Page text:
Nevertheless, a greater focus is required on the specifics of gender non-conformity as it intersects with sexuality, and there is scope for more information about the needs and experiences of trans-identified people and those who are classified as intersexed. The LGBT coalition, which sometimes expands to LGBTQI, that is, including queer, questioning and intersexed, can serve to highlight shared concerns in relation to experiences of marginalisation, exclusion and stigmatisation. More frequently, recommendations for practice are based on research findings that are informed primarily by LGB participants. A recent example of this from the palliative care field can be found in research on end-of-life care for LGBT people (Cartwright, Hughes and Lienert, 2012), which makes the important recommendation that there should be better education of health and care providers in order to prevent discrimination. Of the 25 participants who contributed to this qualitative research, none identified as transgender. Although we recognise and promote the importance of coalition activism between LGBT people and others who fall outside of normative gender and sexuality identities, as researchers we need to be wary both of tokenistic inclusion and of generalising findings fromone population to another. Rather, we should engage with the complexities of trans and intersex people’s lives, their relationships with LGB people and communities, the way in which their gender identities intersect with sexuality identifications, and the distinct relationships that they have with healthcare professions.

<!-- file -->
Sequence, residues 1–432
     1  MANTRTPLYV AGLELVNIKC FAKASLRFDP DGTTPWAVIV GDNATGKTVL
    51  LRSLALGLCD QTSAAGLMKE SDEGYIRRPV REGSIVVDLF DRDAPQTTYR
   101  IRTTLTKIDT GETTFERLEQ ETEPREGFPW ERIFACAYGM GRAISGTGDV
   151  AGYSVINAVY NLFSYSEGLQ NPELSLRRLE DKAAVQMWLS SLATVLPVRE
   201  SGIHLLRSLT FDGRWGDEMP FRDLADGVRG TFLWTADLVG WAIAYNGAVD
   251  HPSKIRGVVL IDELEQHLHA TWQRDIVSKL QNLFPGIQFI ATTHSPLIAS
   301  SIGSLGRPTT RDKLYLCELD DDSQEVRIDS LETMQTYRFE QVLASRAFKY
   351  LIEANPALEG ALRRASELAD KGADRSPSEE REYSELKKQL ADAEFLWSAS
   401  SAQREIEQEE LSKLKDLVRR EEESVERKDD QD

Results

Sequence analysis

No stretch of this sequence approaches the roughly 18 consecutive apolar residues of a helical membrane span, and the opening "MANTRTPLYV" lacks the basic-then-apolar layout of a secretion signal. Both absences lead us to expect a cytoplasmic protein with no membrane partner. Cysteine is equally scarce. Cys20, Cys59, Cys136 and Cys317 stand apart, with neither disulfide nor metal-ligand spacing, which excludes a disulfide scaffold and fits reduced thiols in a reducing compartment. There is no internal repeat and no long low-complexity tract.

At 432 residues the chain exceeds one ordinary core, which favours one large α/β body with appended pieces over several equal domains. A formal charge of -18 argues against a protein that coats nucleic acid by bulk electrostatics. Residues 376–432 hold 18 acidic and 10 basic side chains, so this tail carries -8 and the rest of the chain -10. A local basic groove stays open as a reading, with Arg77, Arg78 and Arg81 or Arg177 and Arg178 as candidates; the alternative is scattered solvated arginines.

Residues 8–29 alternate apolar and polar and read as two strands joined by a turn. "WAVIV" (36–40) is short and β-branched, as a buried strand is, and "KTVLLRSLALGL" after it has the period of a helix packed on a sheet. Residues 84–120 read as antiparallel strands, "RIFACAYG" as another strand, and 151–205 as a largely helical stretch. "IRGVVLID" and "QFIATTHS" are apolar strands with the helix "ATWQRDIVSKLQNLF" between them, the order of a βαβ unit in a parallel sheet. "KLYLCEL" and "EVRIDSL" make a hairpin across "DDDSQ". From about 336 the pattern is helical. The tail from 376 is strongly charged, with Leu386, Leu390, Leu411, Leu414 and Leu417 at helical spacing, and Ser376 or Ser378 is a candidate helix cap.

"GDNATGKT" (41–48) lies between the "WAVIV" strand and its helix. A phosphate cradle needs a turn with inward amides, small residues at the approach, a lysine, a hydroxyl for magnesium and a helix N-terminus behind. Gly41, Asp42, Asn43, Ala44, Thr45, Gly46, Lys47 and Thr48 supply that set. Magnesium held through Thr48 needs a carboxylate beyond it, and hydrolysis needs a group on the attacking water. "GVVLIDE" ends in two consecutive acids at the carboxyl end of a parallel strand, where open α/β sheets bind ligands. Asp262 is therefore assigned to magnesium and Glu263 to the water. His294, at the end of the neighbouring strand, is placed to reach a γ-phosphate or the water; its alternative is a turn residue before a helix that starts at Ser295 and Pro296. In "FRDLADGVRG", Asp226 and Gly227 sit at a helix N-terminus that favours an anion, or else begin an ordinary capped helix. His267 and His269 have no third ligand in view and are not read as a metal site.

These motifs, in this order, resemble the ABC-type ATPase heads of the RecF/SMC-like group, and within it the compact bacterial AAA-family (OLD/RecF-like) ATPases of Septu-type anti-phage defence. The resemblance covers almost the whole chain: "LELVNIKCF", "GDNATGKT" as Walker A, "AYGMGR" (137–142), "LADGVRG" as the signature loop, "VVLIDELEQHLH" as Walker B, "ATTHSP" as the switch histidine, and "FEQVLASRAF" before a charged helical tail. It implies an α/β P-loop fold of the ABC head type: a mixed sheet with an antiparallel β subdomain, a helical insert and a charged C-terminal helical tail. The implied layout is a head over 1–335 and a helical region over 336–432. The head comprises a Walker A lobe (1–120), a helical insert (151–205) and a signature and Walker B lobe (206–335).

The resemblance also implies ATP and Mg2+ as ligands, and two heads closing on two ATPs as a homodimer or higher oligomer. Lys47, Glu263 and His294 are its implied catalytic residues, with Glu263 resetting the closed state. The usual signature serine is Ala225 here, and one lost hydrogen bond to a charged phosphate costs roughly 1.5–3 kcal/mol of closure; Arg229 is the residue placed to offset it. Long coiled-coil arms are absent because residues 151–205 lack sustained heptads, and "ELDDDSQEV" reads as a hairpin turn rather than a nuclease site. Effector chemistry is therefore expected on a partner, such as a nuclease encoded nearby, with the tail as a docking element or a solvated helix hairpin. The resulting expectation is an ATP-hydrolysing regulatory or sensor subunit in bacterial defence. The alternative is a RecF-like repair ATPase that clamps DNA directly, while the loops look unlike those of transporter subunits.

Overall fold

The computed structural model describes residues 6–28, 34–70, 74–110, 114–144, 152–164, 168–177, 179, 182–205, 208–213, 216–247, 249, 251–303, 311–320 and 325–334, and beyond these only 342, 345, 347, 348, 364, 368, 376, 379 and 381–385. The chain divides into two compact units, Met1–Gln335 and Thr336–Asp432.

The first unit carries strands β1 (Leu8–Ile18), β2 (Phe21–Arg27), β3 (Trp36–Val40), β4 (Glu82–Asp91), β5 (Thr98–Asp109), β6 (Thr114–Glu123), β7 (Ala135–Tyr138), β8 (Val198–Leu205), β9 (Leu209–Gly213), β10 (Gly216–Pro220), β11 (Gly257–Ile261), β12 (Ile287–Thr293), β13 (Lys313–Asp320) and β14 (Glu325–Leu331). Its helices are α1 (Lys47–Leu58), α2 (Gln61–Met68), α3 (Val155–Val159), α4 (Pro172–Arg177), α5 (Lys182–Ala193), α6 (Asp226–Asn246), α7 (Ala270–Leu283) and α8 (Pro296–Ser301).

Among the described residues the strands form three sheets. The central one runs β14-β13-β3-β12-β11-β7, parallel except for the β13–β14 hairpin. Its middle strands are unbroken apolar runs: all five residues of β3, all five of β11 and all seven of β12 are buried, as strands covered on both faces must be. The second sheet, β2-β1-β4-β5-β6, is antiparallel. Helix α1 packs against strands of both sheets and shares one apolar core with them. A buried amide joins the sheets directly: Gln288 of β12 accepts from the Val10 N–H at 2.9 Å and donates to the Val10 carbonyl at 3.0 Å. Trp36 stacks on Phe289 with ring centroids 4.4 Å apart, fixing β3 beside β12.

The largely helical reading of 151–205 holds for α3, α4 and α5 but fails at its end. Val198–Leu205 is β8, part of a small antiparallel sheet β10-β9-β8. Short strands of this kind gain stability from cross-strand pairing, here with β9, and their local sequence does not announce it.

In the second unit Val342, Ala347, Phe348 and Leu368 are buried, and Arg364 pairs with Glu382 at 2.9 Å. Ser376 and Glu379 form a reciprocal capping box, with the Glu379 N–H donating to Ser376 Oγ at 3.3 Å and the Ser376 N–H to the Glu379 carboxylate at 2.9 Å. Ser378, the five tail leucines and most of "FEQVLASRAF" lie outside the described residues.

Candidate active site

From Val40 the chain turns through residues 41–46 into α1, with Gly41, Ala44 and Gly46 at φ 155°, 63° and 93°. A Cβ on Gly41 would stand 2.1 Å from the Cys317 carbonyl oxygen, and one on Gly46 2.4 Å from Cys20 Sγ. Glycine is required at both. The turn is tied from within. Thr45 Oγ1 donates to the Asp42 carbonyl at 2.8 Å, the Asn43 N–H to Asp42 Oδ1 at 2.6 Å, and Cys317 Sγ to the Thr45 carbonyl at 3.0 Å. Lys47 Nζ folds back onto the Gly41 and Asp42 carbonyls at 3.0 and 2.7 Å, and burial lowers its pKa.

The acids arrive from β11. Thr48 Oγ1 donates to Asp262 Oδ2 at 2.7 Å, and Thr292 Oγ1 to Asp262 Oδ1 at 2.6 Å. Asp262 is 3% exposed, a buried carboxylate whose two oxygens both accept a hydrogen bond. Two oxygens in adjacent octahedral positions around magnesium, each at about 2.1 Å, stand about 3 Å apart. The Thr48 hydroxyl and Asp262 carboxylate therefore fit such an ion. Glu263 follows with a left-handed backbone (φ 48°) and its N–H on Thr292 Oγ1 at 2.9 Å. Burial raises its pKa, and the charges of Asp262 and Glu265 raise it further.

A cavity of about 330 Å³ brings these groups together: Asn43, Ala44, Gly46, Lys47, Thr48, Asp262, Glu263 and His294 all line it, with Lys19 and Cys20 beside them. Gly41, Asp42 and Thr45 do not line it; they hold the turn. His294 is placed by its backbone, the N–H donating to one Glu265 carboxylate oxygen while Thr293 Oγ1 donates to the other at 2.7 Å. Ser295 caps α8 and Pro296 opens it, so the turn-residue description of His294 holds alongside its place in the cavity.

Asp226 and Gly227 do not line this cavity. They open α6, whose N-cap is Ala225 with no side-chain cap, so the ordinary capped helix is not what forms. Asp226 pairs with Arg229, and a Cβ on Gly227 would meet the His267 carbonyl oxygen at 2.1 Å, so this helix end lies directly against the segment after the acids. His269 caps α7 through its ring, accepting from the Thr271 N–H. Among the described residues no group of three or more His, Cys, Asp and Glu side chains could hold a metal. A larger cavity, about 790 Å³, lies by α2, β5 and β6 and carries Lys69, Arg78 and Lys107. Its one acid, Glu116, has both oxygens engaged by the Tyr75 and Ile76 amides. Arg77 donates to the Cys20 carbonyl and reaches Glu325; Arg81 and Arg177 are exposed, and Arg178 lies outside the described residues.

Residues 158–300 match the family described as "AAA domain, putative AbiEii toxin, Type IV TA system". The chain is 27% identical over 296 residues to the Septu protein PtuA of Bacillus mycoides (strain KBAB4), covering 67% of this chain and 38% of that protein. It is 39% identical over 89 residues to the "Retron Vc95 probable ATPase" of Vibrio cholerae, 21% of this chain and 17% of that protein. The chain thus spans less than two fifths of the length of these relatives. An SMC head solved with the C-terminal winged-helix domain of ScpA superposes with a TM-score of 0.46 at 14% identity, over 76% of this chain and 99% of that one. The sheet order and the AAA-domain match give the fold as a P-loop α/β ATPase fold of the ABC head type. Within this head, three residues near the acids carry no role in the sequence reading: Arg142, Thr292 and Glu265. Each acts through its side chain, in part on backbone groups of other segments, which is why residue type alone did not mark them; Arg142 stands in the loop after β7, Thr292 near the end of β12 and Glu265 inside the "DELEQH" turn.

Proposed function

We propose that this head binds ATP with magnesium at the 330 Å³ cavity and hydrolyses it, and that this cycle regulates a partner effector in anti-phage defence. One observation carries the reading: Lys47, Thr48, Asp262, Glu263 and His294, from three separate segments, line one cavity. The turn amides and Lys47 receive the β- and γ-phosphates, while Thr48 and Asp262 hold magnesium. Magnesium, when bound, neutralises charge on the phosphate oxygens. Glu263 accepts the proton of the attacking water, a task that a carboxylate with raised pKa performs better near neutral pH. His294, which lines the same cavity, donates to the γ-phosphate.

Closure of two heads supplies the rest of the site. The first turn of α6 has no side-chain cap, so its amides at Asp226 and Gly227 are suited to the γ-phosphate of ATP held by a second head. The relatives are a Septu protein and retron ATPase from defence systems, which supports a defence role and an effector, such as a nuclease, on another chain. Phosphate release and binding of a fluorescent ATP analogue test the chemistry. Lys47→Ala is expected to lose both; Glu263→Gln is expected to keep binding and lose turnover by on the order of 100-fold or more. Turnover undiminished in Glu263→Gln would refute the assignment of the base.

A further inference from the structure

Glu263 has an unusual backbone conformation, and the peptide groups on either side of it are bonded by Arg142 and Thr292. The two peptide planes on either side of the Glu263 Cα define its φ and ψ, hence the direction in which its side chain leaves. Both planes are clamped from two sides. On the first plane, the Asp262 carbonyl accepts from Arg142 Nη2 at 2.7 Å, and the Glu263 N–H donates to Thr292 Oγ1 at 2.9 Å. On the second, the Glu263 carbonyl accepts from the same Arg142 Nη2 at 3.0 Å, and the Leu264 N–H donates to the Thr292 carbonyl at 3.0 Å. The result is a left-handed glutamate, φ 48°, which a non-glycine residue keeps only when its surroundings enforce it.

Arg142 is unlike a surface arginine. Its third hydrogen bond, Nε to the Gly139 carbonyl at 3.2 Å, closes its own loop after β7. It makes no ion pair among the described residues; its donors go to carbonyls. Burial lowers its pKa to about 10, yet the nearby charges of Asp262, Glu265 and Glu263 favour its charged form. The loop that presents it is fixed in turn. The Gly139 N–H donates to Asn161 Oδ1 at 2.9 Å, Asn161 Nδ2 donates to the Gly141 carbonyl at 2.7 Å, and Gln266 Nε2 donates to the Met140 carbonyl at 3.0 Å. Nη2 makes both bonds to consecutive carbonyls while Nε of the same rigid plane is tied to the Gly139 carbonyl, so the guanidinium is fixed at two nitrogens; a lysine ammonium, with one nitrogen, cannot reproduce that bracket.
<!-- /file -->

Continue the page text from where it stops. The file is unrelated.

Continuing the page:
In this context we are using ‘trans’ as an umbrella term that might incorporate those who identify as transsexual or transgendered, but also those whose gender variation may not simply fit within a narrative of gender transition. For some trans people, the desire is to live as a member of the opposite sex, with full embodied harmony between secondary sexual characteristics and gender identifications. For others, there are challenges to the neat assumption that sexual characteristics map on to gender identifications, and some seek to live between man and woman, feeling as if they are neither or both. When exploring health and care for trans people, the nuances of gender identifications and embodied desires need to be carefully negotiated.